The term “hound” is one that is sometimes used interchangeably with “dog,” but it is also used as a designation for certain types of dogs too, which share a range of common traits whilst still retaining their own individual breed characteristics as well.
Used correctly, the term hound describes a breed of dog that is, or historically was, used to either track or hunt for prey. This means that hounds were originally used as working dogs, and in some cases, still are today.
The hound group itself can be further divided down into three sub-categories, being sighthounds, scenthounds and finally, other hound breeds.
Sighthounds, as the name implies, hunt by sight; they have acute eyesight for picking up even small movements, and are fast and fleet about pursuing it. Scenthounds, on the other hand, hunt by scent, by picking up a scent trail or being given something to sniff, and then following the trail either in the air or on the ground to chase down their quarry.
The third and final group consists of dogs that hunt by using both sight and scent combined.
The hound group is one of seven broad groupings used by the UK Kennel Club for registration, breeding and showing purposes, and currently, 37 different breeds of dog can be found within the group.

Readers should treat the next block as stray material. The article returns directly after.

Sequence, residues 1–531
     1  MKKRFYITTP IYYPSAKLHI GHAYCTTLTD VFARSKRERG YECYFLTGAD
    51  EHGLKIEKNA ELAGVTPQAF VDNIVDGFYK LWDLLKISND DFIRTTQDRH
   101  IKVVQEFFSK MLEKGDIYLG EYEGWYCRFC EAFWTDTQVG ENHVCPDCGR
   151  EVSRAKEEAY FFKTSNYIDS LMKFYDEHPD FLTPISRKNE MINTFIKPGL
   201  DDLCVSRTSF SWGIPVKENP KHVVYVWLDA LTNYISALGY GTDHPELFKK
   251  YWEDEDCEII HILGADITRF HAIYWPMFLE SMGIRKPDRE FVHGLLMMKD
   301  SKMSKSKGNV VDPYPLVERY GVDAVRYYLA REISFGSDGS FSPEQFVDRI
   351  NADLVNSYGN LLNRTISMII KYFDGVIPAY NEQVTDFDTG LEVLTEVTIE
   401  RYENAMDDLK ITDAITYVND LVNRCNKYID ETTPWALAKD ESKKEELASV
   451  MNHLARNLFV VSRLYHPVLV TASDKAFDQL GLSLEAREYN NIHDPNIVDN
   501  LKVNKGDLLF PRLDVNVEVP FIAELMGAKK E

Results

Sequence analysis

The Afghan hound is a sighthound, most distinctive for its tall, lean, leggy build and signature long, flowing coat that can take quite a lot of time and attention to maintain in good condition.
The Azawakh is an African bred of sighthound, which is not commonly seen in the UK but that is still recognised by The Kennel Club for showing and competition.
The Basenji is another African dog breed, which is sometimes known as “the barkless dog,” because they rarely bark-but they do instead have an interesting yodelling voice that once heard, is never forgotten!
The Basset Bleu De Gasgogne is easily mistaken for the more common Basset hound, thanks to their long backs, very long drooping ears and soulful eyes! This French breed is much less common in the UK than they are on the continent, and is just one of several Basset breeds that fall within the hound grouping.
The Basset Fauve De Bretagne is another French hound, which falls into the scenthound grouping. Like all Bassets, they have a highly attuned scenting ability, and lots of endurance.
The Basset Griffon Vendeen comes in two sizes-small and large, and both fall within the hound group. They have the signature Basset appearance, and once again, a highly attuned scenting ability.
The Basset Hound is one of the most distinctive and recognisable British dog breeds, although they are similar to most of the other Basset type hounds too! Better known by some as the “Hush Puppy dog,” the Basset has a form of canine dwarfism known as achondroplasia.
The Bavarian Mountain hound is a German scenthound breed that was originally created from the crossing of the Hanover hound and the Bavarian hound.
The Beagle is a small-ish, very vocal scenthound that is used to pack work, and today, is more popular as a pet than as a working dog breed.